By ELIZABETH M. GILLESPIE, Associated Press Writer
A former Microsoft Corp. executive who defected to Google Inc. cannot
immediately perform the job Google hired him to do, a judge ruled
Thursday, saying Microsoft has a well-grounded fear that leaked trade
secrets could hurt its business.
Superior Court Judge Steven Gonzalez granted a temporary restraining
order barring Kai-Fu Lee from working at Google on any product,
service or project similar to those he worked on at Microsoft,
including Internet and desktop search technology.
Google, which hired Lee to lead a research and development center it
will soon open in China, asked for a more specific list of tasks Lee
can and cannot perform. Microsoft agreed to provide the court with a
recommended list by Monday.
In a statement e-mailed after the ruling, Google lawyer Nicole Wong
called the judge's decision "only a temporary measure to maintain the
status quo and to give the court more time to fully consider the
"We are confident that once the judge has done so he will side with
Google and Dr. Lee. Microsoft will not prevail in their intimidation
Microsoft spokeswoman Stacy Drake said the ruling would stand until
Sept. 6, the date Gonzalez set for a hearing on a motion for a
preliminary injunction that could make the restrictions on Lee's work
at Google last until the case goes to trial.
"We felt we needed to take this step to protect our sensitive business
information and to ensure that Google and Dr. Lee honor the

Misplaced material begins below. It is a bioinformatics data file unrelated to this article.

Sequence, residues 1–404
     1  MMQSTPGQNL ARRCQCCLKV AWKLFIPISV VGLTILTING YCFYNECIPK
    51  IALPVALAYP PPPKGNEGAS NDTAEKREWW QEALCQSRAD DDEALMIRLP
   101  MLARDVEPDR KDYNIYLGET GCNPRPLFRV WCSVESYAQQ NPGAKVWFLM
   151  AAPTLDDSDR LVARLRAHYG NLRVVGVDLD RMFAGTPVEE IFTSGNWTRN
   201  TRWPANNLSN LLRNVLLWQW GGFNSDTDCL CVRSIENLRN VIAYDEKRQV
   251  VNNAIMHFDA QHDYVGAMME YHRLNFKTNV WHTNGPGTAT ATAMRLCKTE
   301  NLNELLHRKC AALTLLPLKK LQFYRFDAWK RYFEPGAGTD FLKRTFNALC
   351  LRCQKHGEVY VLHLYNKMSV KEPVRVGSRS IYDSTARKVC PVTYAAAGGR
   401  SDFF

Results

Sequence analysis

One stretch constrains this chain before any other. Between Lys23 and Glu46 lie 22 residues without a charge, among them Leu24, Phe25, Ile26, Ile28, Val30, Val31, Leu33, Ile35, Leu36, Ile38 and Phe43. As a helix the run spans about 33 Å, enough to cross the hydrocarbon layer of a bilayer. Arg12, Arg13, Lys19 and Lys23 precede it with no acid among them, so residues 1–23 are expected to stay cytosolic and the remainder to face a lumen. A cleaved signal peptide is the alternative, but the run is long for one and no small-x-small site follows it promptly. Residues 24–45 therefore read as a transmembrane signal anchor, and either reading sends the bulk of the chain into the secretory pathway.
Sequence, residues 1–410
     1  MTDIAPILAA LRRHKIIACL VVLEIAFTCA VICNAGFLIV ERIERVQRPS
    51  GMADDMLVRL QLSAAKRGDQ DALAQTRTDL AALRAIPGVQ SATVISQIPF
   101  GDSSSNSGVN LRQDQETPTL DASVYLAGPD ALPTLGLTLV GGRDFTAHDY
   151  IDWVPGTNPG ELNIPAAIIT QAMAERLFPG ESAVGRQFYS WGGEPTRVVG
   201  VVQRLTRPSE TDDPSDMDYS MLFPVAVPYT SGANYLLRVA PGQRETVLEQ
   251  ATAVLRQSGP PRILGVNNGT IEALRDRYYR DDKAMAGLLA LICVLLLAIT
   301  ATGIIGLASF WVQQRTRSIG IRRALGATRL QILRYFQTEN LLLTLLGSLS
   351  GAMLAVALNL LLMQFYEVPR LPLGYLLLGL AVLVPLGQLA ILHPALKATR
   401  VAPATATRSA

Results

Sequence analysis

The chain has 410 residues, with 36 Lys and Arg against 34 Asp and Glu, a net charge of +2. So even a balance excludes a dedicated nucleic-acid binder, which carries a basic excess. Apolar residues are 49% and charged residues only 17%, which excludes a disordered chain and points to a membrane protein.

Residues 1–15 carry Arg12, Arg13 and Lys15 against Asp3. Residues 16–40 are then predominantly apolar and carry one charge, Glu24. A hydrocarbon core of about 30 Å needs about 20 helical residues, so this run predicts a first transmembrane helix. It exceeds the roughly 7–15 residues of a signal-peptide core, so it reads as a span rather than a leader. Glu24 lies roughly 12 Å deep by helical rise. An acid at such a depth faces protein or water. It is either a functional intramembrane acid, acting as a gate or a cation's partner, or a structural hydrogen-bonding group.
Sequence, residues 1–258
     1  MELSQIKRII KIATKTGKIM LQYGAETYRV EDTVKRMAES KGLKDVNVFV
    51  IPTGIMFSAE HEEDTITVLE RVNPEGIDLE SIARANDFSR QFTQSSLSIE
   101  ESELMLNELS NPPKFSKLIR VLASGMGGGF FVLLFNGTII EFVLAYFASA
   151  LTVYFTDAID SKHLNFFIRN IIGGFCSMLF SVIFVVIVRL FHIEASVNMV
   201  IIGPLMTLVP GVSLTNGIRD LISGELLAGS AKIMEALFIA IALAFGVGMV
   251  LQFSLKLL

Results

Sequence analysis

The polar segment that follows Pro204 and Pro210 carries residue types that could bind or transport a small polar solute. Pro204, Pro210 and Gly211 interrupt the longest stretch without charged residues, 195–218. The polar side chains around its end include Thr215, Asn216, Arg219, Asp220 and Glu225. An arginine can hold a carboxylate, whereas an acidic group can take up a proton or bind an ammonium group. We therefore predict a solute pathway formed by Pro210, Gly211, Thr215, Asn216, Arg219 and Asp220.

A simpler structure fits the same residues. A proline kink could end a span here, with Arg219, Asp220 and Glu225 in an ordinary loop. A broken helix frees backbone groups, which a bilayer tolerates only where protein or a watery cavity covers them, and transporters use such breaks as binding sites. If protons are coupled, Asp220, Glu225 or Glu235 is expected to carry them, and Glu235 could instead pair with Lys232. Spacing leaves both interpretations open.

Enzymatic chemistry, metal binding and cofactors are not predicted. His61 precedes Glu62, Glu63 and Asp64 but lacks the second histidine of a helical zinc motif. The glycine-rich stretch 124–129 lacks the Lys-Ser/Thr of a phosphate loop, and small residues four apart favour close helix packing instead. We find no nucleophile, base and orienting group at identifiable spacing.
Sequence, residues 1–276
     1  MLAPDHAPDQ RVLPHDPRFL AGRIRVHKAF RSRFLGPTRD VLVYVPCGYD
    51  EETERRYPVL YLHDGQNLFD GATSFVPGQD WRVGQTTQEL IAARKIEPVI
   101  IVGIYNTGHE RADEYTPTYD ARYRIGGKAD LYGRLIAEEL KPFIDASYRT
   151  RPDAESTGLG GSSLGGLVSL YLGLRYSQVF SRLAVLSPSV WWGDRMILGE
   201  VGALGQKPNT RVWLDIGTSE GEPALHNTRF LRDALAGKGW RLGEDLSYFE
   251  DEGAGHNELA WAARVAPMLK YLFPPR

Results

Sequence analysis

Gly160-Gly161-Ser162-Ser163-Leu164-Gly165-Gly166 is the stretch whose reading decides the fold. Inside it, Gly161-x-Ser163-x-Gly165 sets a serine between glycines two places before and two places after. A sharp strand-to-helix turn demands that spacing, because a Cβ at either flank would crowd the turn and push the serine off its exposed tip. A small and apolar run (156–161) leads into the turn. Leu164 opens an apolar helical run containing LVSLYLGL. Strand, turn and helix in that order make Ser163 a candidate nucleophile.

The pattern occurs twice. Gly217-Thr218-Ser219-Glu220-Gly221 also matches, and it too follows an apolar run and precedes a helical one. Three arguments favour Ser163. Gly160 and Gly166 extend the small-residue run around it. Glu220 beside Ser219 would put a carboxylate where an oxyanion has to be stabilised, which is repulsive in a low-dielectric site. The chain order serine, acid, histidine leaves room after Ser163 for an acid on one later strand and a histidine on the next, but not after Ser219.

confidentiality and noncompetition agreements he made when he started
working here," Drake said.
Gonzalez set the trial for Jan. 9.
Microsoft sued Lee and Google last week, claiming that by taking the
Google job, Lee was violating an agreement he signed in 2000, barring
him from working for a direct competitor in an area that overlapped
with his roles at Microsoft.
Lee and Google, which countersued, say he is not a search expert and
that he had only limited involvement in Microsoft's China operations
since 2000, the year he signed the agreements at the heart of the
Most recently a vice president working on speech recognition in
Microsoft's server and tools division, Lee headed up the creation of
the company's research center in Beijing in the late 1990s and later
worked in the MSN search unit.
Microsoft said it paid Lee handsomely and would not have hired him if
he had not promised to honor confidentiality and noncompetition
agreements. The company said Lee made more than $3 million over nearly
five years, and that he earned more than $1 million last year.
Google claims that Lee has not disclosed any Microsoft secrets, and
that it has repeatedly told Lee not to betray Microsoft's confidence.
In court documents, Google said a conversation Lee had with Microsoft
Chairman Bill Gates suggests that the software company is becoming
increasingly concerned about Google siphoning away talent - and
perhaps intellectual property.
In a July 15 meeting, Lee said, Gates told him, "Kai-Fu, (CEO) Steve
(Ballmer) is definitely going to sue you and Google over this. He has
been looking for something like this, someone at a VP level to go to
Google. We need to do this to stop Google."
Drake earlier declined to comment on Gates' statement directly, saying
that the company's concern is that Lee has knowledge of highly
Microsoft and Google, along with Yahoo Inc., are locked in a fierce
battle to dominate Internet search technology, both online and through
desktop search programs. Google has launched new services, including
e-mail, that compete with Microsoft offerings.
Copyright 2005 The Associated Press.
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